Business Compliance Partners Offers “Crowd Funding” Exemption Update

Share Article

In response to Congress and the President’s desire to promote job-growth by stimulating capital formation targeted at small businesses, the House of Representatives voted to pass, the “Entrepreneur Access to Capital Act”. The bill proposes to exempt “crowd-funding” from federal and state securities registration and filing requirements. Historically, crowd-funding has been an online fund-raising strategy that allows people to donate small amounts of money to support a project or cause.

The House bill would allow small businesses to raise up to $2 million (by providing audited financial statements) and $1 million without the audited statements. The bill would also limit investments to $10,000 per investor or ten percent of the investor’s annual income.

The Senate introduced competing legislation, “The Democratizing Access to Capital Act”, S.1791. The Senate’s bill proposes to limit offerings to a total of $1 million and individual investments to $1,000 per person per year. The Senate version of the bill also requires that businesses use an intermediary and be incorporated and subject to state laws.

Small businesses looking for investors have begun to embrace the concept, which has drawn regulatory scrutiny because it bypasses the review process of state and federal agencies that regulate investment activities.

The North American Securities Administrators Association (NASAA) voiced strong objections to the House bill because it would preempt state laws, which they believe would weaken investor protection.

In testimony before the House Financial Services Committee, Jack E. Herstein, NASAA President and Assistant Director of the Nebraska Department of Banking & Finance Bureau of Securities stated the following:

“State securities regulators have protected Main Street investors for the past 100 years, longer than any other securities regulator. State securities regulators continue to focus on protecting retail investors more so than any other regulator. Our primary goal and mission is to act for the protection of investors, especially those who lack the expertise, experience, and resources to protect their own interests. The securities administrators in your home states are responsible for enforcing state securities laws by pursuing cases of suspected investment fraud, conducting investigations of unlawful conduct, licensing firms and investment professionals, registering certain securities offerings, examining broker-dealers and investment advisers, and providing investor education programs and materials to your constituents.”

Although NASAA viewed the Senate version of the bill more favorably, in their opinion it didn’t go far enough. NASAA formed a committee and submitted an initial proposal that discusses which elements such a bill should contain. They include:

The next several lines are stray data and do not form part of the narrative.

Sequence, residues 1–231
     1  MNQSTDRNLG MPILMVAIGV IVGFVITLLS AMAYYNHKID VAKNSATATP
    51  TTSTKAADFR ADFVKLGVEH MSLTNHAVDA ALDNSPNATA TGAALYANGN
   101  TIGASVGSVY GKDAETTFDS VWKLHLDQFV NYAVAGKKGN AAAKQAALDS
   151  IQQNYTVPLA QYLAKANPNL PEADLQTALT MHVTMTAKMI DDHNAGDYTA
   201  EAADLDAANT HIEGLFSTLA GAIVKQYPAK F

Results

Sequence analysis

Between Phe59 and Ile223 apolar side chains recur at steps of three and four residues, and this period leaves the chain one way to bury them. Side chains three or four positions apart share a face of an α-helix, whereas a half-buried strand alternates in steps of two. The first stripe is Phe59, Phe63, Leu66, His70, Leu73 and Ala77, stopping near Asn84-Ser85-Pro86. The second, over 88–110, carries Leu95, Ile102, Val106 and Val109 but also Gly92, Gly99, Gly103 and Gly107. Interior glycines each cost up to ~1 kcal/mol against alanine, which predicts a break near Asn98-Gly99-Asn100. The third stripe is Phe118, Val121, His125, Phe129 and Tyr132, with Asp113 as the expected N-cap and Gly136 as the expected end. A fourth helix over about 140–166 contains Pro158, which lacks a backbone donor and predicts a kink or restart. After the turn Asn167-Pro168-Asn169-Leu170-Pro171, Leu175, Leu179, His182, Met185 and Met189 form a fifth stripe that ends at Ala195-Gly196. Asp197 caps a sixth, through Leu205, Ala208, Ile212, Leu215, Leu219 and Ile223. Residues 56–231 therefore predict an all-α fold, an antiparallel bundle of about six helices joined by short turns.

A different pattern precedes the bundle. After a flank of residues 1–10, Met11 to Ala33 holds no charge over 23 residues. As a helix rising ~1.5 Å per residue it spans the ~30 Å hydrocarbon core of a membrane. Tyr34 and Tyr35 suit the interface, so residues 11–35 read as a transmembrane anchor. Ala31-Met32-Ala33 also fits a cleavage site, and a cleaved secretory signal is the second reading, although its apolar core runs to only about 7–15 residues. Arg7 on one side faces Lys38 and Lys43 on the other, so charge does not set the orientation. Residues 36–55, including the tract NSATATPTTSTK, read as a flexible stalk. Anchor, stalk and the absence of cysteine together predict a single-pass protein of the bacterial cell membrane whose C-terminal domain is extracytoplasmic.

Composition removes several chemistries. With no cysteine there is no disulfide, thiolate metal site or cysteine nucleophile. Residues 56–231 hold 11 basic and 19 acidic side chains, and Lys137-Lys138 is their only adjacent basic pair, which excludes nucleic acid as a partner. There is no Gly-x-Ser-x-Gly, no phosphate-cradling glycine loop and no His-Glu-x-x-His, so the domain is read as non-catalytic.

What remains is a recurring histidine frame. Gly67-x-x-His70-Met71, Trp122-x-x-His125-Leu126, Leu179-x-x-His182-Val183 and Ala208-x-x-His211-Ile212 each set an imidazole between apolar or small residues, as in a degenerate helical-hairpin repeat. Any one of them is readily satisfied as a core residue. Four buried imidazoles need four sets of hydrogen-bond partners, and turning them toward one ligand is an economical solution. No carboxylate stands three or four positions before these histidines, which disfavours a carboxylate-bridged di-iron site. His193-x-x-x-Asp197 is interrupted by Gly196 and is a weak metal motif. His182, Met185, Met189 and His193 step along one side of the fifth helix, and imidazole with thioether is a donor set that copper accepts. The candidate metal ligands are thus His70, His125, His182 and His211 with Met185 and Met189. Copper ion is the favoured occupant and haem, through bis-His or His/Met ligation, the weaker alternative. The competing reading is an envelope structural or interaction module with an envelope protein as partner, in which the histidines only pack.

•     Limiting the amount an entity can raise to $500,000 over a twelve month period
  •     Limiting individual investments to $1,000 per year, per offering
  •     Requiring that securities issuers complete a basic filing in their home state, which can be

        disseminated to other states upon request

  •     Providing a business plan with information about how the proceeds will be used and which

        discloses general investment risks

  •     Requiring that the issuer escrows investor proceeds until the goal of at least 60 percent of

        the target investment amount has been reached

  •     Barring individuals and companies that have criminal records or have violated securities

        laws from participating

In a letter to the House Finance Committee and during testimony, NASAA representatives also championed states as the primary regulator for crowd-funding. NASAA cited familiarity with local economics and responsibility to their constituents that would be targets of the offerings. NASAA also believes that the size of the offerings would make regulating crowd-funding an ineffective use of the Securities and Exchange Commission’s (SEC) time.

“Preempting state authority is a very serious step and not something that should ever be undertaken lightly or without careful consideration, including a thorough examination of all available alternatives,” Herstein said. “In the case of crowd-funding, state securities regulators are not only capable of acting, but indeed, are acting, and Congress should allow them the opportunity to continue to protect retail investors from the risks associated with smaller, speculative investments.”

NASAA reiterated their support for eliminating regulations that are overly burdensome or restrictive so that economic growth isn’t hindered. However, NASAA conveyed the need for protections and transparency in the marketplace in order to garner investor confidence, which should lead to the desired economic growth.

Share article on social media or email:

View article via:

Pdf Print

Contact Author

Paul Cox

Chris Kosifas
Visit website